It’s quite rare for a publisher to push up a release date. This is typically because delivering a product is set for a specific date so that marketing and the expected release season (e.g. targeting the holiday season). These decisions are often made a long time in advance. Shifting a release date in either direction typically affect the estimates because the target release day has a large effect on the overall sales and reception of the game. Moving release dates around tend to screw with the previous plans, which tends to get expensive - rearranging marketing schedules costs a lot. Moving a release date up suggests that there are bigger things happening behind the scenes that would justify the cost, especially because the last quarter of the game’s development cycle tends to be where a lot of the polish happens.
Typically, the further out the team is notified about the release date change, the better. If you know it’s coming, you can schedule your development around it. The closer it comes to happening, the more difficult it becomes. It is not impossible that, for example, Xenoblade Chronicles 3 managed to (somehow) get ahead of schedule and on target to finish super early. However, in my experience this does not tend to be the case. Game development is like air in a tank - it will expand to fill the full volume of the schedule because any additional development time can be spent to add more stuff to the game rather than finishing early. We devs can always improve and polish things if we have more time.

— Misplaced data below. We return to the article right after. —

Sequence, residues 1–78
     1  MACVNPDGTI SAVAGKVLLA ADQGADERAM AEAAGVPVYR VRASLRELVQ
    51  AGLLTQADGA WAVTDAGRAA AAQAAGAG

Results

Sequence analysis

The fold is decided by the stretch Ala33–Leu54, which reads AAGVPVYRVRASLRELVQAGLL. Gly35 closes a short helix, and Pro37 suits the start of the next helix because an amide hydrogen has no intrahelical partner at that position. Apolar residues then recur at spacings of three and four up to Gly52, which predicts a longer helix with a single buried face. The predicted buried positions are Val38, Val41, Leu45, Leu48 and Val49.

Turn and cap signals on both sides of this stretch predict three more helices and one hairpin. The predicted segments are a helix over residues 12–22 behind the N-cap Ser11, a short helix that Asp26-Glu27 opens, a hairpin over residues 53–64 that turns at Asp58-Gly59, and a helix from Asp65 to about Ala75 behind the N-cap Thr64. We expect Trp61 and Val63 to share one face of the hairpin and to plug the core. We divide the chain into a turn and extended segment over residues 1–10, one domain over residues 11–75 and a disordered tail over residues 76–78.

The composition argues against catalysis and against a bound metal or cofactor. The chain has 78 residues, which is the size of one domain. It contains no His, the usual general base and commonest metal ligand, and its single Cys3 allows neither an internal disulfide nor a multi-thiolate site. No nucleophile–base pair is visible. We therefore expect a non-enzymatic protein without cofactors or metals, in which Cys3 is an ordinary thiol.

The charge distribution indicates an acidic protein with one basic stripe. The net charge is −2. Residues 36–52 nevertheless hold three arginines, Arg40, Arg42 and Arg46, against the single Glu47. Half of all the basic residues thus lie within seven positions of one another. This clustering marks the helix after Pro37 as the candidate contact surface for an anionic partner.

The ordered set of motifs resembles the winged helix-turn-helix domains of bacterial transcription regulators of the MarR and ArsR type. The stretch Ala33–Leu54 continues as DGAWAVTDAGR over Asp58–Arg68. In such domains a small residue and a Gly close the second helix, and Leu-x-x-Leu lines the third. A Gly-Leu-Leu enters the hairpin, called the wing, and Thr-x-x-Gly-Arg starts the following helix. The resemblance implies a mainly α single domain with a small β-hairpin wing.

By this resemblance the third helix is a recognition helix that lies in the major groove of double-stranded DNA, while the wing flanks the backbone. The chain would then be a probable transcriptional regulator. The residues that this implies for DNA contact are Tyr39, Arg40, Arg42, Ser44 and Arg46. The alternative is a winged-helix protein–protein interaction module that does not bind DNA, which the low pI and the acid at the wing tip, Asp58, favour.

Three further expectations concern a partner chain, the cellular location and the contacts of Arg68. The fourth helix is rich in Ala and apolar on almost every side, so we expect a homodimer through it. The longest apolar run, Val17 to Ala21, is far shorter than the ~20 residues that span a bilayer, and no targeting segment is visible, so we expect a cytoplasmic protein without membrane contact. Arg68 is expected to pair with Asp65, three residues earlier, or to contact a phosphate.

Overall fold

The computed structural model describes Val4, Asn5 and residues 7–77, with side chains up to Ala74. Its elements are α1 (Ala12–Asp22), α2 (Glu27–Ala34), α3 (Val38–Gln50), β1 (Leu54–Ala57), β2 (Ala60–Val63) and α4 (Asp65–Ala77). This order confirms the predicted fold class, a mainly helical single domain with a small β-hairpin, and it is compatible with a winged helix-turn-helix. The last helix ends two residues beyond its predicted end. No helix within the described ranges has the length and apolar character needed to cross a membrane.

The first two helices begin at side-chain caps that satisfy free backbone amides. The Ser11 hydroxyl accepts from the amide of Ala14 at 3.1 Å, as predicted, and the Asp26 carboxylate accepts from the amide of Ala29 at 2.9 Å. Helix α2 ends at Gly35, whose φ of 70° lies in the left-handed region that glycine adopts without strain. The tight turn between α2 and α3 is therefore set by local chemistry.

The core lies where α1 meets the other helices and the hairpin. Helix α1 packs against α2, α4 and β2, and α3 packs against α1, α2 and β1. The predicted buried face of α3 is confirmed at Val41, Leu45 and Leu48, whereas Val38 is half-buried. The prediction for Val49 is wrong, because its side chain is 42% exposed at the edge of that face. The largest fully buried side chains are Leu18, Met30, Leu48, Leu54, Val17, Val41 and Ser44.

What is more likely to have happened is that there’s some pretty big things happening behind the scenes, likely significantly larger than the expected response to Xenoblade Chronicles itself. What that might be I cannot say for certain, but it’s enough to raise an eyebrow for sure.
The FANTa Project is being rebooted. [What is the FANTa project?]
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